Such “restrictive” mandatory vaccination policies are controversial. Critics see them as limiting the choice available to individuals and parents regarding medical treatment (Leask and Danchin, 2017). Some consider better governance strategies to be those that permit hard-to-obtain exemptions to avoid pressuring committed refusers (Ward et al., 2017; Omer et al., 2019). There are also queries about restrictive mandates’ capacity to change the behavior of the intended cohort, which needs to be determined by careful evaluation of specific policies’ results (Attwell and Navin, 2019). Others argue instead that such policies can increase coverage rates, and that it is legitimate to demand universal participation in the construction of community protection – the “herd immunity” that keeps viruses out of populations (Giubilini, 2019). Irrespective of these contending arguments, restrictive mandatory vaccination policies are now newly entrenched or enlarged in several jurisdictions.

What happens to the remaining facets of a vaccination program when a government makes vaccination mandatory or more mandatory is an open question. Theoretically, mandating vaccines reduces the pressure on governments to push vaccines out, instead deploying a more coercive pull mechanism. If parents face loss of benefits or lack of access to child care or school for their child, they may require less motivating to vaccinate (Attwell and Navin, 2019). However, if parents remain steadfast about refusing vaccination, their children may be disadvantaged by exclusion from services. Nevertheless, governments making vaccines (more) mandatory without ensuring adequate and easy supply would face pushback from inconvenienced populations, while steadfast refusers facing punishment might challenge the policy’s legitimacy. Mandates may also antagonise hesitant parents sitting on the fence about vaccination if governments do not make sufficient effort to convince them of vaccination’s benefits. Accordingly, mandates should not be regarded as a replacement for the other facets of a vaccination program, but rather as an augmentation to existing and complementary efforts to encourage full vaccination.

The relationship between restrictive mandates and public communication and promotion strategies is of particular interest. Scholars and policymakers often conceptualise communication campaigns about vaccination’s benefits (“hearts and minds” approaches) as separate, distinct, and even competing policies compared to those that mandate an individual’s vaccination behavior. For example, in his case studies of America, Australia and the United Kingdom, McCoy (2019) adopts a framework based on policy coerciveness, presenting compliance with vaccination as obtained through either voluntaristic methods or mandates. McCoy uses a terminology of manufacturing consent to describe the outcomes of both processes, with the result being the population’s acceptance of vaccines. (Of course, not everybody ends up accepting, and hence manufacturing consent remains a partially successful and ongoing endeavor.) McCoy describes hearts and minds approaches as “process[es] in which citizens are persuaded to vaccinate their children by government officials and public health marketing.” The fact that critics of restrictive mandates favor this strategy for manufacturing consent over the “stick” of mandates reinforces the idea that the two policies are diametrically opposed. Moreover, the fact that mandates may result from real or perceived failures to use communicative approaches successfully, as noted by a group of public health scholars after Italy made its vaccination system more mandatory in 2017 (Signorelli et al., 2018), further cements the idea that mandates and communications are opposing strategies. Such a view could lead governments to regard public communication as less necessary once the coercive pull factors of a restrictive mandate are in operation.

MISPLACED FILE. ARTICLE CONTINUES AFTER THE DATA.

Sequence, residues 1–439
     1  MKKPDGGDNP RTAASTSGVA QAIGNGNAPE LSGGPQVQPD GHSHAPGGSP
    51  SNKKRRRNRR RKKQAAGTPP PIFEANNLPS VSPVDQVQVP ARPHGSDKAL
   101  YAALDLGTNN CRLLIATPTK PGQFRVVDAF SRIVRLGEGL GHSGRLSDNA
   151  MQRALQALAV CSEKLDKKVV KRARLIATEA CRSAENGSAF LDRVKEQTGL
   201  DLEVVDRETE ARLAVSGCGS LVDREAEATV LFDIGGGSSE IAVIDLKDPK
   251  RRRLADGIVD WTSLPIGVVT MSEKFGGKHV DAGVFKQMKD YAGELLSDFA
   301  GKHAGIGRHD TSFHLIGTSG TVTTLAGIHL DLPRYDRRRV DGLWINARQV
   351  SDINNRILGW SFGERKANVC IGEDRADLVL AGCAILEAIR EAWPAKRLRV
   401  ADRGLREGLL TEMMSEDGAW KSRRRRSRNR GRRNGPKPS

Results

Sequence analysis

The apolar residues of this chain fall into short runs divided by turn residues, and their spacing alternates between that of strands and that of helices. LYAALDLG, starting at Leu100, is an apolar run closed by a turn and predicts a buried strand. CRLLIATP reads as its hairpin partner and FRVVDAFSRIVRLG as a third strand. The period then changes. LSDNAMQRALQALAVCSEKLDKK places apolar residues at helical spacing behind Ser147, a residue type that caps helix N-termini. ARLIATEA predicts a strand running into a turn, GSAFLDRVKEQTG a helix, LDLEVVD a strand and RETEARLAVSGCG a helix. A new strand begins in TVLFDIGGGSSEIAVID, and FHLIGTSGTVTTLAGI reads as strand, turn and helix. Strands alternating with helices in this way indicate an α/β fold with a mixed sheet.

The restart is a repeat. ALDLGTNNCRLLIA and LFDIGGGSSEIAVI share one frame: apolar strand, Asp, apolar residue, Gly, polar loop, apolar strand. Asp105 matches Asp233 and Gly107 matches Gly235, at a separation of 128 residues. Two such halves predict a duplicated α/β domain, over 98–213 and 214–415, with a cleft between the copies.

Conversely, however, governments may perceive such communications as more important when vaccines are mandatory. Since effective governance seeks to minimise resistance amongst the governed, authorities may invest in strong efforts to convince populations of vaccination’s benefits (Attwell and Navin, 2019). This goes beyond simply manufacturing consent for vaccination as a practice to attain high levels of compliance (McCoy 2019). Manufacturing consent in the context of restrictive mandates may also involve public communications to build support for vaccine mandates as government policy. But because this involves support for a policy instrument, rather than for a medical technology or scientific knowledge, manufacturing consent for vaccine mandates confronts the issues faced by political communication. For instance, studies in some contexts have shown that people’s perception of the legitimacy of mandates is much more politically determined than perceptions of vaccines themselves (Kahan, 2014). Mandates and hearts and minds approaches, then, are not as diametrically opposed as may initially appear, and so it is beneficial to consider manufacturing consent from a complexity perspective, acknowledging that agents are interconnected (Long et al., 2018).